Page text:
A total of 801 tower blocks were constructed in the Birmingham Metropolis. A further 32 towers were constructed in nearby Coventry and 43 towers were built in the satellite and overspill towns around Birmingham's vicinity.

  • EDGB ASTON - 114 Towers
    • LEE BANK (ATT WOOD GREEN) - 49 Towers (14 Towers Demolished)
      • VICE ROY CLOSE - 14 Towers
      • LEE BANK ESTATE - 12 Towers (5 Towers Demolished 2001, 2003 & 2007)
      • BELLE VIEW / BEN MORE AVENUE - 11 Towers (2 Towers Demolished 2000)
      • WOOD VIEW - 6 Towers (All 6 Towers Demolished 2000, 2003 & 2007)
      • SENTINELS - 2 Towers
      • FIVE WAYS - 2 Towers
      • HILL ST. / STATION ST. (NEW ST.) - 1 Tower (1 Only Tower Demolished 2013)
      • ARTHUR RD / CARPENTER RD - 1 Tower
    • LADY WOOD - 34 Towers (15 Towers Demolished)
      • LADY WOOD MIDDLE WAY - 14 Towers (10 Towers Demolished 1997 & 2002)
      • CHAMBERLAIN GARDENS - 11 Towers (3 Towers Demolished 2010)
      • SAND PITS - 4 Towers (1 Tower Demolished In... South HOCK LEY... 2009)
      • CIVIC GARDENS - 4 Towers
      • ICKN IELD PORT - 1 Tower (1 Only Tower Demolished 2006)
    • HIGH GATE - 18 Towers (7 Towers Demolished)
      • HIGH GATE ESTATE - 9 Towers (1 Tower Demolished 1999)
      • ST. LUKE'S - 6 Towers (All 6 Towers Demolished, 1 In 2002 & 5 In 2010)
      • SOUTH ACRE AVENUE (CHINA TOWN) - 3 Towers
      • ST. MARTIN'S FLATS - 0 Towers (Pre-War Maisonnettes Demolished 1981) JINNAH CLOSE / EMILY STREET
    • WOOD BOURNE / MEL VILLE - 5 Towers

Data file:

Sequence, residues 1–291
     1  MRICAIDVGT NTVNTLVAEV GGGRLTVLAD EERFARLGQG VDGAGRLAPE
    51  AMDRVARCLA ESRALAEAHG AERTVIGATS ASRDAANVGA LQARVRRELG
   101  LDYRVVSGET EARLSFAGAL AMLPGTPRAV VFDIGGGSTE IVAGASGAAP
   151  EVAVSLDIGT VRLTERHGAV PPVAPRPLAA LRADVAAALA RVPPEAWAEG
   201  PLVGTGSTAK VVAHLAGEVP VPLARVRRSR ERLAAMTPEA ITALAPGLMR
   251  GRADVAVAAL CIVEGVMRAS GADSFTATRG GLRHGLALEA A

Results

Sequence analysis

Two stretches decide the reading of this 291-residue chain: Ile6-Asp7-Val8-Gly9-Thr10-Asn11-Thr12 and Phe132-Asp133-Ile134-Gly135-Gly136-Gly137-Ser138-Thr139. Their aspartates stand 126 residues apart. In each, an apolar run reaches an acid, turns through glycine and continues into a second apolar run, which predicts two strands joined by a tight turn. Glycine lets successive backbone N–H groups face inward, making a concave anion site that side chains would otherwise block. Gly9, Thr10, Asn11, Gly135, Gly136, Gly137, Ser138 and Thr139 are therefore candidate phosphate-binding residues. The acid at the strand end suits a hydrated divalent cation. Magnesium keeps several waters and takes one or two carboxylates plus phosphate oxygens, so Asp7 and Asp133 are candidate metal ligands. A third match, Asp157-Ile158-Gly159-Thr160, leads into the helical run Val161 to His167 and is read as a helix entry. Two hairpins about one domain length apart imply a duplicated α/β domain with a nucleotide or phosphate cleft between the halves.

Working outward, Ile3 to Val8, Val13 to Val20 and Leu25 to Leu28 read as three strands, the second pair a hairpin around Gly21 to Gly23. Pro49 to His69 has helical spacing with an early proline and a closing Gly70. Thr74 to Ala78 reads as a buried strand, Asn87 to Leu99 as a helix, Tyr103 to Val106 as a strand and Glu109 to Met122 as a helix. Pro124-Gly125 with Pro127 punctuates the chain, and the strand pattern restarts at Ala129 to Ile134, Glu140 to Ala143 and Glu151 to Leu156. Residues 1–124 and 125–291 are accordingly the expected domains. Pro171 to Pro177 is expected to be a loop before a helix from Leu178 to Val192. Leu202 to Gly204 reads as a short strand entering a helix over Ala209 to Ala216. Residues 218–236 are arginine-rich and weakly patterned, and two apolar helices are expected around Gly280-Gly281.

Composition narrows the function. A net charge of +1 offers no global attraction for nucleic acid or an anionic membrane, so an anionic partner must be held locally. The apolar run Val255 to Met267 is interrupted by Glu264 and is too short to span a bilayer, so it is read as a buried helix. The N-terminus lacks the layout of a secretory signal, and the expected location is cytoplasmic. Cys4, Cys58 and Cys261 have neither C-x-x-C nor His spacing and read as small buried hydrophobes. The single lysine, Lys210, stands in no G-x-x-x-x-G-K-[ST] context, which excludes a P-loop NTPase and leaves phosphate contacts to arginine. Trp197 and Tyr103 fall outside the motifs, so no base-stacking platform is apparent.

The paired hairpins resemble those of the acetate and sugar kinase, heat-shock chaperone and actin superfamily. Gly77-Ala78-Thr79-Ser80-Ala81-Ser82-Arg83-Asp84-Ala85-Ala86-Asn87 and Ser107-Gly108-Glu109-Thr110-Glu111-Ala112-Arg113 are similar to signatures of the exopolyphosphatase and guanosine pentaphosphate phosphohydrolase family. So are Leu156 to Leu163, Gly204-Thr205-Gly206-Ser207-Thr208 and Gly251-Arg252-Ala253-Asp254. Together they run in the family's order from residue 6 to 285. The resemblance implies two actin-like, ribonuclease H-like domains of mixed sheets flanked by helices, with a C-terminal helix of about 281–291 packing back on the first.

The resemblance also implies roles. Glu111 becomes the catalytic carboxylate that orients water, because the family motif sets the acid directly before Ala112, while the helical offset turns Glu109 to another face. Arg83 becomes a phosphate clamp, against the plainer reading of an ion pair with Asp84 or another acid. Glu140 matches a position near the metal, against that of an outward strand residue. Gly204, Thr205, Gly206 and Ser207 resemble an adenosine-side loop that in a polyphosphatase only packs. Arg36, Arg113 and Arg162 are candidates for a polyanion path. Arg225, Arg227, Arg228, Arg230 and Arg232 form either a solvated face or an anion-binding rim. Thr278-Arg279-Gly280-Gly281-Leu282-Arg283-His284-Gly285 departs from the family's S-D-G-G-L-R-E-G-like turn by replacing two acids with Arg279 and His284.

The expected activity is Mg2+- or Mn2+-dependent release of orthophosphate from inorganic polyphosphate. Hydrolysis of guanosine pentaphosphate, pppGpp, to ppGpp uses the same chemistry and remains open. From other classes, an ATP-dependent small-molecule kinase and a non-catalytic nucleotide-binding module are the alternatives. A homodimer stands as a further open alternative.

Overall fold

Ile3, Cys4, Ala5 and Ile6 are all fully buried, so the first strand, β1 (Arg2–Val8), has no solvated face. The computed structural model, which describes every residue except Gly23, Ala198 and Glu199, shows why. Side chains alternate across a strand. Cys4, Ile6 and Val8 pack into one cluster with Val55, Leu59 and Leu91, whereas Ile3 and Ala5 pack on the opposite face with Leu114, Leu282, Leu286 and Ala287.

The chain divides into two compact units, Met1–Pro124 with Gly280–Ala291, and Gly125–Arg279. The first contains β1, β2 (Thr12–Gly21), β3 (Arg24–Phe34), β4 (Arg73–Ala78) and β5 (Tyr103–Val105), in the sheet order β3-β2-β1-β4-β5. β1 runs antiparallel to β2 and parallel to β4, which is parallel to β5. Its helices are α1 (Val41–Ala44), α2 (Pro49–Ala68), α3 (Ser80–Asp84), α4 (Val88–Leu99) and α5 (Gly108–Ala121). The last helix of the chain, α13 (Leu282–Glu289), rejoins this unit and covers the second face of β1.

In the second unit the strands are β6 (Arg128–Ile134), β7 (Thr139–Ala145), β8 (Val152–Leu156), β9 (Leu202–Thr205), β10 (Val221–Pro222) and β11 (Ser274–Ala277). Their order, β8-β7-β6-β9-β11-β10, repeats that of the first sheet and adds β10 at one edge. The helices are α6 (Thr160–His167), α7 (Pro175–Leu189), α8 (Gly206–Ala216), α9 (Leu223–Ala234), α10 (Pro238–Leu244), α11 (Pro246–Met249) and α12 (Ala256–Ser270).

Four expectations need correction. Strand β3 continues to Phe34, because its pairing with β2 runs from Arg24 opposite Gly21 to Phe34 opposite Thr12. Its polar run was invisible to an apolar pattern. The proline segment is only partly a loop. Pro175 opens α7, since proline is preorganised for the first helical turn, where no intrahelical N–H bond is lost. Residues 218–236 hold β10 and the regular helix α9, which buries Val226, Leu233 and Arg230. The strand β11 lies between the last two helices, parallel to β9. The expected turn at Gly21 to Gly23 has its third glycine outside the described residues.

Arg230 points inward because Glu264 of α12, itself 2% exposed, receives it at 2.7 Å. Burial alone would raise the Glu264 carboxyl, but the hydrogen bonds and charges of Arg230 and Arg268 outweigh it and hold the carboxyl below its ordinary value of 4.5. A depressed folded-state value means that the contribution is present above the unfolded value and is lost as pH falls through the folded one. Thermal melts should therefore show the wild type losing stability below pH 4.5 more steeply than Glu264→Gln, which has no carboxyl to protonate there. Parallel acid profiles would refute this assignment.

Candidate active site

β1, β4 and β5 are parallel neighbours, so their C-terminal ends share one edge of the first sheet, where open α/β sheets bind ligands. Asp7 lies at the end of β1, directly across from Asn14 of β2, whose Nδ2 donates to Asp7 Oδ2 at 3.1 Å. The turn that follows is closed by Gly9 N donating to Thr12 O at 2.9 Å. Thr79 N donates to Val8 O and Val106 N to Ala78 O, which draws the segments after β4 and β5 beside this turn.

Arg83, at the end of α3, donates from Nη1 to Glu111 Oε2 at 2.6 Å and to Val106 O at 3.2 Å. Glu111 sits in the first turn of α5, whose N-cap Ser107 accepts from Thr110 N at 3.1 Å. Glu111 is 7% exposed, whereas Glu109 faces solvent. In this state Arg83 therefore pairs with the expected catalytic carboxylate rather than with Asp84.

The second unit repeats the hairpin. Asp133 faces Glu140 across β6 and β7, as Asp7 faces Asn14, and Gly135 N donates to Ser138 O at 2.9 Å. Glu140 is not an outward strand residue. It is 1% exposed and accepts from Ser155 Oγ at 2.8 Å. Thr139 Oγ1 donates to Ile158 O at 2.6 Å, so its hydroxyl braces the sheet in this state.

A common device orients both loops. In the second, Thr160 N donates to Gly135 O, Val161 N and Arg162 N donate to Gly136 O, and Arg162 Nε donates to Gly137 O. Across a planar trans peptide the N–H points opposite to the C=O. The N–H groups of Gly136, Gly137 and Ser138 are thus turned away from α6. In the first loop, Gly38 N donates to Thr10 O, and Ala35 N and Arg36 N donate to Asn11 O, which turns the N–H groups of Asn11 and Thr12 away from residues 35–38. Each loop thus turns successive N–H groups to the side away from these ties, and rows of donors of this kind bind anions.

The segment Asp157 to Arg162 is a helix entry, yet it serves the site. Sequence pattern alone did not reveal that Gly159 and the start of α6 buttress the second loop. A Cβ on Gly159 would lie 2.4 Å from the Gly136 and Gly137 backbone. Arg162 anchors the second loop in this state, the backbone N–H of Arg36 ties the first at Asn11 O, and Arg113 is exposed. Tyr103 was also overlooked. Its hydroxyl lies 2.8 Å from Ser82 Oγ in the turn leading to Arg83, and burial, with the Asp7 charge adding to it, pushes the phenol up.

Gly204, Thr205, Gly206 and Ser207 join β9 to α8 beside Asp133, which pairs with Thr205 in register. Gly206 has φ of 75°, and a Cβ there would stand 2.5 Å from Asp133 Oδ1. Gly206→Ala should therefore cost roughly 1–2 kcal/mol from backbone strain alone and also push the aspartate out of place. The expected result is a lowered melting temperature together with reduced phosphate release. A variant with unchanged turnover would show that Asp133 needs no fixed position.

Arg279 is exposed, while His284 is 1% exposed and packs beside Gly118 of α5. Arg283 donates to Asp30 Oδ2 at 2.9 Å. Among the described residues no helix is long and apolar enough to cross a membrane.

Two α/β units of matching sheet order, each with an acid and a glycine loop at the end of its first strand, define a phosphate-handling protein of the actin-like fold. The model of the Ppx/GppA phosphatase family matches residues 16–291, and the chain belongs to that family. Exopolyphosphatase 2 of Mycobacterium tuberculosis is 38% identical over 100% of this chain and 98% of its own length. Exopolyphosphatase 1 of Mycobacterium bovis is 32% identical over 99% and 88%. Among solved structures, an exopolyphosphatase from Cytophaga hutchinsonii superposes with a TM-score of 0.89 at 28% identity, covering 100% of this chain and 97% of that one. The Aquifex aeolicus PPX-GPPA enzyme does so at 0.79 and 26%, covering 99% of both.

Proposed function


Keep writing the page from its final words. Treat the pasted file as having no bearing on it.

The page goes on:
• MEL VILLE ROAD (MEL VILLE) - 4 Towers Conjoined
      • STOCK DALE PLACE / HERMIT AGE ROAD (WOOD BOURNE)
    • CHAD VALLEY - 3 Towers
      • RICH MOND HILL - 2 Towers
      • BOTANICAL GARDENS (WEST BOURNE ROAD) - 1 Tower
    • MASON WAY (EDGB ASTON PARK) - 2 Towers
    • WAKE GREEN - 2 Towers
    • BEACH BROOK CLOSE (SPARK BROOK) - 1 Tower (1 Only Tower Demolished 2002)
  • WOLVERHAMPTON - 82 Towers (21 Towers Demolished & Further 29 Towers To Fall Soon)
    • HEATH TOWN - 29 Towers (Heath Town Soon To Be Demolished 2017 Onwards)
    • BLAKENALL GARDENS - 6 Towers (All 6 Towers Demolished In 2002, 2004, 2007 & 2011)
    • WEDNES FIELD - 6 Towers
    • DUN STALL HILL (MOLINEUX) - 5 Towers
    • ST. MARK'S / MERRI DALE - 5 Towers (2 Towers Demolished 2010)
    • MOSE LEY - 5 Towers (2 Demolished)
      • STOW LAWN - 3 Towers
      • MAY FIELD - 2 Towers (Both 2 Towers Demolished, 1 In 2001 & 1 In 2003)
    • DARL ASTON - 4 Towers (All 4 Towers Demolished)
      • THE LEYS - 2 Towers (Both 2 Towers Demolished 2002)
      • CATHERINE CROSS - 2 Towers (Both 2 Towers Demolished 2005)
    • BENT LEY - 4 Towers (All 4 Towers Demolished)
      • PENNINE WAY (LANE HEAD) - 2 Towers (Both 2 Towers Demolished 2003)
      • WEST ERN AVENUE (COUNTY BRIDGE) - 2Tw's (Both 2 Towers Demolished 2006)
    • MERRY HILL (PENN) - 3 Towers
    • KEY WAY (PORTO BELLO) - 3 Towers (All 3 Towers Demolished 2003)
    • WILLEN HALL - 3 Towers
      • ROSE HILL GARDENS - 2 Towers
      • MARKET PLACE - 1 Tower
    • CHET TON GREEN (WOB ASTON / FORD HOUSES) - 3 Towers
    • PARK DALE (WEST PARK) - 3 Towers
    • WHIT MORE REANS - 2 Towers
    • FREEZE LAND (BILS TON) - 1 Tower
  • ASTON - 76 Towers
    • NEW TOWN - 29 Towers (8 Towers Demolished 1997-2006-2014)
    • NECHELLS GREEN / DUD DES TON - 27 Towers (14 Towers Demolished 1997)
    • HOTLE & PRIORY - 7 Towers (6 Towers Demolished, 7th Soon To Be Demolished)
    • BRIDGE LANDS (BIRCH FIELD) - 3 Towers (All 3 Towers Demolished 2011)
    • HAM STEAD (PART OF SAND WELL DISTRICT) - 3 Towers
    • GOSTA GREEN / ASTON TRIANGLE - 3 Towers (All 3 Towers Demolished 2011-2014)
    • SOUTH ASTON - 2 Towers (Both 2 Towers Being Demolished 2016-2017)
    • PERRY VILLA (PERRY BARR) - 1 Tower
    • HANDS WORTH WOOD - 1 Tower
  • KING'S NOR TON - 73 Towers (23 Towers Demolished)
    • DRUID'S HEATH - 16 Towers (1 Tower In Baverstock Demolished 2005)
    • TURVES GREEN (LONG BRIDGE) - 16 Towers (3 Towers Demolished 2005)
    • HAWKES LEY (THE 3 ESTATES) - 12 Towers (2 Towers Demolished)